In the coming issues, our new series on Coronado’s churches will explore the history, fellowship and community goals of some of the religious establishments on the island.
Episcopal church and congregation built on a strong foundation
Be they military families, winter snowbirds, a robust Arizona summer contingent or local residents, everyone is welcome at Coronado’s Christ Episcopal Church.
The church, designed by famed San Diego architect William Sterling Hebbard and built in 1894, has received many worldwide visitors. The initial building cost about $10,000 and was funded interest-free by businessman Charles Thomas Hinde (who came to Coronado at the behest of John. D. Spreckels). Hinde dedicated the church to his daughter, Camilla, who had died at the age of 13. The Romanesque-style structure was constructed with hand-hewn granite.
Today, Christ Church’s physical footprint occupies an entire city block of Coronado, distributed over two half blocks facing each other in the 900 block of C Avenue. On the west side of the avenue are the church, parish hall and offices, and the majority of the Christ Church Day School complex. On the east side are the Thrift Shop, Sexton Apartment, Kindergarten cottage, school playground, youth house, parking lot and Clare’s Cottage — the choir, music and nursery center. With the exception of the junior kindergarten and Opportunity Shop thrift store, these facilities were all upgraded in the church’s $2 million capital campaign, which concluded in 2014.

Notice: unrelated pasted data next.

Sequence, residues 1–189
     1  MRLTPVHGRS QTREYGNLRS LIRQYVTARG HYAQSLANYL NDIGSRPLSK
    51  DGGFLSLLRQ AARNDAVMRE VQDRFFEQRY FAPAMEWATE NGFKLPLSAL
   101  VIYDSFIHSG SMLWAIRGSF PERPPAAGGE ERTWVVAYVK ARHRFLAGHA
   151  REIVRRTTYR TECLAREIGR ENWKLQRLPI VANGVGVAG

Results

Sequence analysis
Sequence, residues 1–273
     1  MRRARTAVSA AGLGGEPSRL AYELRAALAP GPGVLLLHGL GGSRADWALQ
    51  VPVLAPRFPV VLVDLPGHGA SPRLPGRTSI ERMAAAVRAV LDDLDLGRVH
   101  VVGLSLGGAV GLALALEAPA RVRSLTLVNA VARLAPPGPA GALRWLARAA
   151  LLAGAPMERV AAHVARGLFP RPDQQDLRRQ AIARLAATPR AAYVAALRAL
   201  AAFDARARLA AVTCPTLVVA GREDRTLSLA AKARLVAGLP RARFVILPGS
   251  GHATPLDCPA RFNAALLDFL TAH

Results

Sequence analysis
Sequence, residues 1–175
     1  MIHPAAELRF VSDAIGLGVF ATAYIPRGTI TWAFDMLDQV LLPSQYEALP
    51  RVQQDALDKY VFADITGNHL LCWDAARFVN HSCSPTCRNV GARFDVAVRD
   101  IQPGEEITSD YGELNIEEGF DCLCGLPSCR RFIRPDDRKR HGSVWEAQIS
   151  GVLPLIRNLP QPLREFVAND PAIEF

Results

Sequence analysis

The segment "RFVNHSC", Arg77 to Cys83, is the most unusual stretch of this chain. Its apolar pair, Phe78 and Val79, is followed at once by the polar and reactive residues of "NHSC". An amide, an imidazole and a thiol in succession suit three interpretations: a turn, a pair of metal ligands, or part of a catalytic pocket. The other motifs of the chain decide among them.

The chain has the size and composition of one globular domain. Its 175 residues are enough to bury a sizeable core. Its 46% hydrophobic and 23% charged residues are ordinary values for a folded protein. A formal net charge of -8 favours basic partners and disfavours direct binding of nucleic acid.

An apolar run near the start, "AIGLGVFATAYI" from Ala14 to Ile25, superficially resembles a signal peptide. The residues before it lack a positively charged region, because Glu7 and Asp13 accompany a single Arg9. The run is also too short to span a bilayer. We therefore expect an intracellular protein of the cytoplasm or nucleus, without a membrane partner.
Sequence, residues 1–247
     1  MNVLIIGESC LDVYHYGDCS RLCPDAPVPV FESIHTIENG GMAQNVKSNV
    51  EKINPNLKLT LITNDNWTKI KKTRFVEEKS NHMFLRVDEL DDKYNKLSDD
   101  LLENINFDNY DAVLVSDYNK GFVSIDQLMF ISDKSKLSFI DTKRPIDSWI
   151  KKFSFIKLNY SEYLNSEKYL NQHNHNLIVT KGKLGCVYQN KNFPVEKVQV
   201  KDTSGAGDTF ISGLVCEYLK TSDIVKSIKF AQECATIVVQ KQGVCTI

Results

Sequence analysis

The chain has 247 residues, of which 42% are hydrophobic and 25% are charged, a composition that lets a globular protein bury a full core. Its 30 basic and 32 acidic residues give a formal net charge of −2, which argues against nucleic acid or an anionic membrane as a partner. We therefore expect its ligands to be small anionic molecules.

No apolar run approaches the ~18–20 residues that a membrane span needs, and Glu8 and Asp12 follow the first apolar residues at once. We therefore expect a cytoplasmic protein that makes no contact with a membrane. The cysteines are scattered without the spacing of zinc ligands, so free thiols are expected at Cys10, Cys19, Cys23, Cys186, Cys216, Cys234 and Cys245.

Within the church is the welcoming serenity of its stained glass windows, which were crafted by San Francisco artist Bruce Porter in the Tiffany Studios in New York and installed in 1896. The windows, made from glass from Scotland, cost roughly $6,100. The church is open to the public daily; an inviting space for quiet contemplation amid the bustle of today’s world.